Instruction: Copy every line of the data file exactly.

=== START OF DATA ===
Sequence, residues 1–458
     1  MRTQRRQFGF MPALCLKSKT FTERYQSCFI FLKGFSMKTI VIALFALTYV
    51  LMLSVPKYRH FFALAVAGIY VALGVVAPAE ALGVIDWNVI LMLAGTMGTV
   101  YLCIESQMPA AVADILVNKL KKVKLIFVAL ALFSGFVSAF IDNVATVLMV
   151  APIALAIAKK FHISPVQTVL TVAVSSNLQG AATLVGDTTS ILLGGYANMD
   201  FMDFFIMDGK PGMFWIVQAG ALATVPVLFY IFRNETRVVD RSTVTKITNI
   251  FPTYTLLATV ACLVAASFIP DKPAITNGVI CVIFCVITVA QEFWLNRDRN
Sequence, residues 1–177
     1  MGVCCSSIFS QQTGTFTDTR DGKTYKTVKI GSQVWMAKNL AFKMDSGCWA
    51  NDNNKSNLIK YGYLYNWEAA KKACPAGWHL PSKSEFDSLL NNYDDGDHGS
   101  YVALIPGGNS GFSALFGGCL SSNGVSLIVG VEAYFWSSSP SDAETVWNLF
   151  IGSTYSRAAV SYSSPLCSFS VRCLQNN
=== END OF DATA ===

Sequence, residues 1–458
     1  MRTQRRQFGF MPALCLKSKT FTERYQSCFI FLKGFSMKTI VIALFALTYV
    51  LMLSVPKYRH FFALAVAGIY VALGVVAPAE ALGVIDWNVI LMLAGTMGTV
   101  YLCIESQMPA AVADILVNKL KKVKLIFVAL ALFSGFVSAF IDNVATVLMV
   151  APIALAIAKK FHISPVQTVL TVAVSSNLQG AATLVGDTTS ILLGGYANMD
   201  FMDFFIMDGK PGMFWIVQAG ALATVPVLFY IFRNETRVVD RSTVTKITNI
   251  FPTYTLLATV ACLVAASFIP DKPAITNGVI CVIFCVITVA QEFWLNRDRN
Sequence, residues 1–177
     1  MGVCCSSIFS QQTGTFTDTR DGKTYKTVKI GSQVWMAKNL AFKMDSGCWA
    51  NDNNKSNLIK YGYLYNWEAA KKACPAGWHL PSKSEFDSLL NNYDDGDHGS
   101  YVALIPGGNS GFSALFGGCL SSNGVSLIVG VEAYFWSSSP SDAETVWNLF
   151  IGSTYSRAAV SYSSPLCSFS VRCLQNN